Sunday, March 13, 2011

Praying For Japan

I've now heard from all my Japanese friends, and thank God they and their families are safe. Five bits of good news, to weigh against the tide of bad news.

Looking at this "before-and-after" slideshow from the NY Times, it seems a miracle that anybody in that part of the country could have survived at all. (Click on the slider bar in the middle of each picture, and then drag the slider back and forth, like a curtain, to compare and contrast each image in the series)

It's as if a giant scythe swept across the face of the country, shaving the soil of its humanity, a ghastly harvest of death.

Wednesday, March 09, 2011

"War Is War"

“[W]ar is war, and not popularity-seeking. If they want peace, they and their relatives must stop the war.”
__ General William Tecumseh Sherman
Controversial in his day, equally so in our own time, General William Tecumseh Sherman put quill pen to paper in the aftermath of the US Civil War to write an autobiography and chronicle his side of the story, in voluminous detail.

Thanks to the marvels of e-book technology his 1875 one thousand-page multi-volume memoirs can be carried effortlessly in a modern reader’s coat pocket. The technology may allow us to delete the file from an e-reader’s storage, but the stories Sherman relates are not so easily dismissed from the human reader’s memory.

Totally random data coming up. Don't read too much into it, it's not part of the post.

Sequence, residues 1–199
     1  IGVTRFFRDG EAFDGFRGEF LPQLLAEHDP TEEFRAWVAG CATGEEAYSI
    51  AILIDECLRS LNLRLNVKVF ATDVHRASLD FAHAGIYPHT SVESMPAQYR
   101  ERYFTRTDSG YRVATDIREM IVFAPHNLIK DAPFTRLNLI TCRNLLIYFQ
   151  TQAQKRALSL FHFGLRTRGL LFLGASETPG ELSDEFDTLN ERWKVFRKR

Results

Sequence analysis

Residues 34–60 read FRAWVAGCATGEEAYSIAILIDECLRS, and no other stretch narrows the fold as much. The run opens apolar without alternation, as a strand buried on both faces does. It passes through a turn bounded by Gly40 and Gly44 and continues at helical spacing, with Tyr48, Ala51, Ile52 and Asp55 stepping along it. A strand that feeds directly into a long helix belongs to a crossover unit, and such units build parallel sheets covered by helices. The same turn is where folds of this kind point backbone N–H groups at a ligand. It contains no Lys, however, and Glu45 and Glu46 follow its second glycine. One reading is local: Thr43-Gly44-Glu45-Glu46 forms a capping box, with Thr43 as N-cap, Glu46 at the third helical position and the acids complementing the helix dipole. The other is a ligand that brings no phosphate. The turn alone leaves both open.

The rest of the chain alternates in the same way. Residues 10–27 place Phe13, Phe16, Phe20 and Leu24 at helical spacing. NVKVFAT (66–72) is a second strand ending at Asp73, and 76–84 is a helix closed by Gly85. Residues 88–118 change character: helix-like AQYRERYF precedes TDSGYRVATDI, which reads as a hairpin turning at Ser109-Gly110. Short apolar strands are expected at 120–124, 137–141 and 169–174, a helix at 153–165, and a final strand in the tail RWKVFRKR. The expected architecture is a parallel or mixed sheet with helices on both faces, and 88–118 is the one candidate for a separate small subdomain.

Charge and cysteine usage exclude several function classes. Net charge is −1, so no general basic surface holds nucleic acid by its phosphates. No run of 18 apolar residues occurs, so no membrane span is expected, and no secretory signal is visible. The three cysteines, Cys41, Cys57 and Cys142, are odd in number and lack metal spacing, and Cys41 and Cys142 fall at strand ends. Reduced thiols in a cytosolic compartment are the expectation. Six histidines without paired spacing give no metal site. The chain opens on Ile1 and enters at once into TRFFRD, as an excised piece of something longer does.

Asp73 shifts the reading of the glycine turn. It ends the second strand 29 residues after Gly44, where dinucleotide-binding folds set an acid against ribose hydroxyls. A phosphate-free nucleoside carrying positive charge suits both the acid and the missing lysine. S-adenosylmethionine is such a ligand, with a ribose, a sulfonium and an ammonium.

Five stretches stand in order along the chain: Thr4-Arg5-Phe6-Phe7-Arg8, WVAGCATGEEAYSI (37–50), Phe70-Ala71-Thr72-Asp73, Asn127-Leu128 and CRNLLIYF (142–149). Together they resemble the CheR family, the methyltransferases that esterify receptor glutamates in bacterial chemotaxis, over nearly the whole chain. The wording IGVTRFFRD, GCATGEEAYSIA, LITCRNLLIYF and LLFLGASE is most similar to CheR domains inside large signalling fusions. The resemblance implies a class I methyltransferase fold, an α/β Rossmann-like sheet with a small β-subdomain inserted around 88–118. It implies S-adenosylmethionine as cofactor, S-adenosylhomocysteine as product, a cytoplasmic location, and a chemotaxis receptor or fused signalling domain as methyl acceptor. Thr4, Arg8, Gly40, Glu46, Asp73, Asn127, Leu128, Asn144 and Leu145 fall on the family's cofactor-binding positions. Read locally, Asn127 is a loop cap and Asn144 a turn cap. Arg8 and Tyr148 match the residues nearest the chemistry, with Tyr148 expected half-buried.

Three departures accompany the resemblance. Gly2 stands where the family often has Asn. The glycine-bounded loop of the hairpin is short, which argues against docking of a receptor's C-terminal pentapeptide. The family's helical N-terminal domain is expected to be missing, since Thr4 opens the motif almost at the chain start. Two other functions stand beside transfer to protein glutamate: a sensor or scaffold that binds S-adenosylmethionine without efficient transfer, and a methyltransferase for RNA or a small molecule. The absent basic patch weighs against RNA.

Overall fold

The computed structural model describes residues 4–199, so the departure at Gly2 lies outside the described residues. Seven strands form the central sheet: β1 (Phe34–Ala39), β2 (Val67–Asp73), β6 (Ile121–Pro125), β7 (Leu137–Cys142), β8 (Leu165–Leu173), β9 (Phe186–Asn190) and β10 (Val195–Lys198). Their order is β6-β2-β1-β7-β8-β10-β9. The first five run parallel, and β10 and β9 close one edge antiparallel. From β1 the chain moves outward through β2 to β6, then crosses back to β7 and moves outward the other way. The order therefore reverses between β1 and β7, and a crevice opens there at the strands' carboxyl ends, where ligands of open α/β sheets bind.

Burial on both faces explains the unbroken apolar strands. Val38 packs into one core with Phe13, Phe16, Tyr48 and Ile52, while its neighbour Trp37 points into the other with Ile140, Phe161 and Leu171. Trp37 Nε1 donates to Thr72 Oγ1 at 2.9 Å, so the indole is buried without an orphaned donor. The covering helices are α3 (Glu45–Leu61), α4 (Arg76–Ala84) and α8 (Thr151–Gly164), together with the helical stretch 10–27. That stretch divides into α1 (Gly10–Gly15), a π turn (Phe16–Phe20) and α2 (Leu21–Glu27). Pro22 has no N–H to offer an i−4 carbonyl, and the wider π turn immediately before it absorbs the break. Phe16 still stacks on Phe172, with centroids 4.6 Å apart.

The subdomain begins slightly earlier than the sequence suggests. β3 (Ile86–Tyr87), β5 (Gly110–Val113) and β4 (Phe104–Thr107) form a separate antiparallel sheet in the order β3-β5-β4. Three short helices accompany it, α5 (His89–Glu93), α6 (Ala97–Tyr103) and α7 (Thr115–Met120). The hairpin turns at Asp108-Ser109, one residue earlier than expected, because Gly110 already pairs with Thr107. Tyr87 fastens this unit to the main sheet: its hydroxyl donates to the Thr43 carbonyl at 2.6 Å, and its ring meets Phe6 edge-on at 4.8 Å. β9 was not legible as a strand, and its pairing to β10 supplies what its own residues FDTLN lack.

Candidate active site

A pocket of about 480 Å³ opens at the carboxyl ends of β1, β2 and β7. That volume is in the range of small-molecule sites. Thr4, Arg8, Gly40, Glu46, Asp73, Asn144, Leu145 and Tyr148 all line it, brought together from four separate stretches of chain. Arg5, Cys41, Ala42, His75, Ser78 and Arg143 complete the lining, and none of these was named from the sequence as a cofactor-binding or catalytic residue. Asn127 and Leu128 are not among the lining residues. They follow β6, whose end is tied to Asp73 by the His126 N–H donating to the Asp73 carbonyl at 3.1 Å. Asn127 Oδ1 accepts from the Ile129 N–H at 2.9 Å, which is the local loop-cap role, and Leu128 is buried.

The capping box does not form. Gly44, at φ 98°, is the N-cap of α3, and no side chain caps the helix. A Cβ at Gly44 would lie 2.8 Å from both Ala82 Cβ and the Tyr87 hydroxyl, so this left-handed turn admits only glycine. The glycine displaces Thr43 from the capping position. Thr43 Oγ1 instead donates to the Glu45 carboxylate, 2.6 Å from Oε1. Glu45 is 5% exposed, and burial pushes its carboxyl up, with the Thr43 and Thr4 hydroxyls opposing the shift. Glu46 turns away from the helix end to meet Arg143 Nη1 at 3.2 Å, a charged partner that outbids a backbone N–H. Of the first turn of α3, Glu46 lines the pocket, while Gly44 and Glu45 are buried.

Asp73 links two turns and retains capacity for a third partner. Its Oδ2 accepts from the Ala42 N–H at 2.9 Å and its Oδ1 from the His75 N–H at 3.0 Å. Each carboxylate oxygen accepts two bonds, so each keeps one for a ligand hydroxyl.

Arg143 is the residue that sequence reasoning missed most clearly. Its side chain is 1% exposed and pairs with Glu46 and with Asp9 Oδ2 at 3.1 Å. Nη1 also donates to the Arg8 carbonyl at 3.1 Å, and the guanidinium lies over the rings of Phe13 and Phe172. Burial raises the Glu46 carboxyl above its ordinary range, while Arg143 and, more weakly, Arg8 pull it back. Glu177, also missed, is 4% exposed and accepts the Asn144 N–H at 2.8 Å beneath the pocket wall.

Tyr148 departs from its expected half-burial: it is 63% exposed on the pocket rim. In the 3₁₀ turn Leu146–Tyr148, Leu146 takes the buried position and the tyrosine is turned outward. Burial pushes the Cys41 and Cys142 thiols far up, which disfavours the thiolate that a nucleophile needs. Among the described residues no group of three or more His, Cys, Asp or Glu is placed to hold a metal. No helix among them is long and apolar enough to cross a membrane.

Sherman can teach modern-day readers much about the people and the period in which their story took place, and through them, make us see something about our own time. His was a life of constant upheaval, of drama always lurking over the horizon. His recounting of the early days of the 1849 Gold Rush, which erupted during his California mission, were especially stimulating; hundreds of sailing ships would arrive with cargo and prospectors, but never leave, because all their crews would desert for the gold fields. Bank presidents and other wealthy managers of wealth found themselves starving and ill-clothed, as servant after imported servant would desert their households so routinely that their families had a hard time eating regular meals. The lure of gold proved so seductive that few people kept their word; trustworthyness became such a valuable commodity that those possessing the rare virtue sought each other out, formed business partnerships together (as well as doing each other's laundry..!), and made far more lasting fortunes than those dredged up by the get-rich-quick gold-seekers in their muddy rivers and fields.